Alternatively, the author may choose to rely on the publisher to submit the copyright registration. This does not fully protect the author against the possibility that the book may be plagiarized by a beta reader, editor, publisher, its employees, or some other party that has access to the work before publication. Nor does it protect the author against the possibility that the publisher may forget or fail to properly register the copyright in the book. In such instances, the author will only be able to seek actual damages and profits (excluding attorneys’ fees) which will likely be much less than if the copyright was registered by the author ahead of time.

As many writing blogs point out, it is not necessary for an author to copyright his or her manuscript before sending it out to agents or publishers. Your book is already protected just by being fixed in a tangible medium – in other words, by being written. Hopefully, there is little to no chance that your book will be plagiarized by the friends you ask to read your manuscript or reputable agents and publishers. However, there is a chance that the work could be infringed, and $35 is a small price to pay for piece of mind.

Copyright registration is an easy process, but authors may seek an attorney to complete the registration process properly. Those authors that do choose to copyright their manuscript should beware of online registration services that charge exorbitant fees or suggest paying extra for unnecessary certificates of ownership. Likewise, authors should avoid falling for the myth of the “poor man’s copyright.” Sending yourself a a copy of your manuscript in the mail and keeping the envelope unopened as evidence that you wrote the manuscript before the postmarked date is not a protection recognized by the copyright statute or by U.S. courts.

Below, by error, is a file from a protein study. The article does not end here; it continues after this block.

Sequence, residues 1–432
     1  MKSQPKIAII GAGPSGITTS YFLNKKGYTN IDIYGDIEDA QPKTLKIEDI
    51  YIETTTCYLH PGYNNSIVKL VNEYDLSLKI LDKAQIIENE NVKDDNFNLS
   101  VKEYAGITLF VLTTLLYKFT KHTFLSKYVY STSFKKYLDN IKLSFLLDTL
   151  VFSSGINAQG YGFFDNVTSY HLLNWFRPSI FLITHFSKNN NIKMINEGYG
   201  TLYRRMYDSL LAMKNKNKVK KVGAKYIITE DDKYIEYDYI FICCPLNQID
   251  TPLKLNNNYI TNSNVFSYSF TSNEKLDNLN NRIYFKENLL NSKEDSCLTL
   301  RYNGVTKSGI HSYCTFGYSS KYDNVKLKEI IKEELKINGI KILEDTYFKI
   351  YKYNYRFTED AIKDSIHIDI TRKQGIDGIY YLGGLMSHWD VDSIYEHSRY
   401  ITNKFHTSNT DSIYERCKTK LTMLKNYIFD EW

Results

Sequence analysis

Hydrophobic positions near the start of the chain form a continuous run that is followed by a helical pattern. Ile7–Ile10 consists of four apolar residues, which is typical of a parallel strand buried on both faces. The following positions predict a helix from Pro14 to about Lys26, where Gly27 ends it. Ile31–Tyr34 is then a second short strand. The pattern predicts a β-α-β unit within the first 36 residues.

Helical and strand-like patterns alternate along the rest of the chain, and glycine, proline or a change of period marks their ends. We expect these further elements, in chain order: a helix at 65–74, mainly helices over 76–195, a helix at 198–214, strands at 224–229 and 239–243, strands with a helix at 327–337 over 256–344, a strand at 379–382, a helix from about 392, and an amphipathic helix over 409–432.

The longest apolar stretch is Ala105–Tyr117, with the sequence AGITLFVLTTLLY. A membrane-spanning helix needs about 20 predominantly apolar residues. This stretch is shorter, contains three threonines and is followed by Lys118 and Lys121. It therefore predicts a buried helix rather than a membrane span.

Trademark Registration

On the other hand, the title and cover design of the book may also be protected by trademark registration and trade dress rights. Typically, authors will not register trademark in their work before publication. Instead, the publisher’s in-house team will register these rights for the author.